Gambling might be seen to some as a sinful way to spend ones time but it was common among Parisian society, especially those who were higher up on the social scale. So it has been alleged Marie gambled and apparently was not very good considering she dug herself into a deep debt that her constitutionally weak husband just accepted. In reality, sources tell us that Marie was a strict tee-total who ate simply, and banned sexually inappropriate behaviour and foul language from court. Her gambling habits were a folly of youth that she outgrew. Her interests lay in the moral well-being of her ladies and those who came into contact with them.
Fashion. This might be what Marie is best remembered for, the glorious dresses and over-the-top wigs. By over-the-top, I mean just that, some of her wigs were 3 feet high and included all sorts of accoutrements as decorations to really amp up the style. It has been recorded that she received somewhere between 120,000 to 150,000 livres per year to spend on clothing alone and she would exceed that allowance every year as queen. Never once did Marie wear the same outfit twice, until the death of her husband that is, and so every dress would be handed down to the ladies of her household. A very wasteful habit indeed, on the surface. But in reality, Marie-Antoinette probably didn’t spend that much on clothes, in an era when ones wardrobe was hand-made, one dress would easily take weeks to make, if prioritised, therefore an extensive selection could only be built up over several years. Marie in fact introduced a simple fashion into court, and the country at large. We must as a result find her nickname of Madame Deficit was unfair. The Queen was much-loved by the majority of the people, known as a good and kind woman, the acts of charity only ended upon her arrest.
What does any of this have to do with her untimely death? A lot. Because of the French Revolution both Marie and Louis were booted from their thrones and since those in charge of the revolutionary movement needed to ensure the Monarchy was out of the way in order to assume the power, they were out for blood. The two attempted to escape but within 24 hours they were captured and arrested before being escorted back to Paris. This occurred on June 21, 1791. The family were kept under heavy surveillance while the new government were planning a revolution throughout Europe, to completely abolish the monarchy. The only way to achieve this was to sully their names, and attempt to gain the support of the people. They were somewhat successful as far as the revolution was concerned, and that was bad news for the former king and queen. King Louis XVI was tried and convicted of high treason in December of 1792 with his death occurring by guillotine on January 21, 1793. In the 10 months following Louis’ death Marie had her two living children taken from her, as well as her sister-in-law who was also being held against her will. On October 14 of 1792, Marie was taken to her own trial where she was also tried and convicted of high treason against the state. Even more disturbing is that her very own son testified against Marie when he confessed to the court that she had sexually abused him, a charge with which Marie was taken aback and refused to answer until finally forced to. She pleaded to the mothers of the court to know that it was against nature itself to commit such an act. The trial was just really a formality, her death was inevitable long before it even started.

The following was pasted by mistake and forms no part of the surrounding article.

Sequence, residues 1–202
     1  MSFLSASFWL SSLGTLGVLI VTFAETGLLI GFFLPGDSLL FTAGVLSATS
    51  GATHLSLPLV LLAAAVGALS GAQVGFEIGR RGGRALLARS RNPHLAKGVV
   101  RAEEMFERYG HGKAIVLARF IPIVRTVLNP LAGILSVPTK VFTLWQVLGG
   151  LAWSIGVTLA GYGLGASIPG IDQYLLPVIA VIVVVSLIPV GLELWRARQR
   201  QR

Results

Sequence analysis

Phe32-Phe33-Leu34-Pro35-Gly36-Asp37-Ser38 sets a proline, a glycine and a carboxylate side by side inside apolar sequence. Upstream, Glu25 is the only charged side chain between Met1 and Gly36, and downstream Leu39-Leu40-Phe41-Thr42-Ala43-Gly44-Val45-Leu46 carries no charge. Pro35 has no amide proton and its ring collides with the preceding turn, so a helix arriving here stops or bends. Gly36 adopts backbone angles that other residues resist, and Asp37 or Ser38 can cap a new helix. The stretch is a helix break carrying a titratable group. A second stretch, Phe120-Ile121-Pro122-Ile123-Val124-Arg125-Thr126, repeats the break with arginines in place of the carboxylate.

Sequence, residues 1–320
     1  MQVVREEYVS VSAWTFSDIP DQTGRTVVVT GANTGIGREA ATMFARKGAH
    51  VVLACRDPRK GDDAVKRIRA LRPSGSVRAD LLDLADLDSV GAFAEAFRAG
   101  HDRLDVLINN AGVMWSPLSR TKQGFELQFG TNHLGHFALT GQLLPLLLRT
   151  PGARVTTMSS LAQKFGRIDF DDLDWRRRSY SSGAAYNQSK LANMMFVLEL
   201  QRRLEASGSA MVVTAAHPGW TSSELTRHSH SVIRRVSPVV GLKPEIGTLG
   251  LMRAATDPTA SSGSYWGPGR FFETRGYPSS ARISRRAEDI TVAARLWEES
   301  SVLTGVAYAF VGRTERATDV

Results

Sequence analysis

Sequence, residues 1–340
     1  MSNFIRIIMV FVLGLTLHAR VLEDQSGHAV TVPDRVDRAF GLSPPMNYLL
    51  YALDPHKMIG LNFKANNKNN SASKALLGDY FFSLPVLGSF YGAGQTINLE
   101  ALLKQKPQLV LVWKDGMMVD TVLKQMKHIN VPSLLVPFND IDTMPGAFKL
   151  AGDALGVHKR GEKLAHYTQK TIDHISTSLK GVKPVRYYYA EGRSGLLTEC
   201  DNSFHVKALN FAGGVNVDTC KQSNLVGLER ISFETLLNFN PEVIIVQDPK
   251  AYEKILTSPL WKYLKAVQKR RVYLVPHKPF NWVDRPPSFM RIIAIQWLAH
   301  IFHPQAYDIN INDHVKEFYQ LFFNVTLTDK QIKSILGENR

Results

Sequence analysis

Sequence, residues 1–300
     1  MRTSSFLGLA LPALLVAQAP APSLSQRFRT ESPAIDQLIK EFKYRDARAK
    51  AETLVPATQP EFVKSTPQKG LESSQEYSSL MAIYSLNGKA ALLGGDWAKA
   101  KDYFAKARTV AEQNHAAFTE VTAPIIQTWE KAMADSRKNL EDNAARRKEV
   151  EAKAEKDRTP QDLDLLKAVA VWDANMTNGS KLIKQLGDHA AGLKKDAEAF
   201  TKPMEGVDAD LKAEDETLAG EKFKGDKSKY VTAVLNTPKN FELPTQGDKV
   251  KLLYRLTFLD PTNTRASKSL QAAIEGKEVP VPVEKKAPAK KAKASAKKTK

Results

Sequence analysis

So, at the young age of 37, Marie rode a cart to her death by guillotine for trumped up charges. She had been wearing a black mourning dress so often since Louis’ death that it was requested that she not wear it to her death and so she wore a plain white dress on the day of her death. It was October 16, 1793 that Marie would take her last breath. She died not as a queen but as simply Marie Antoinette.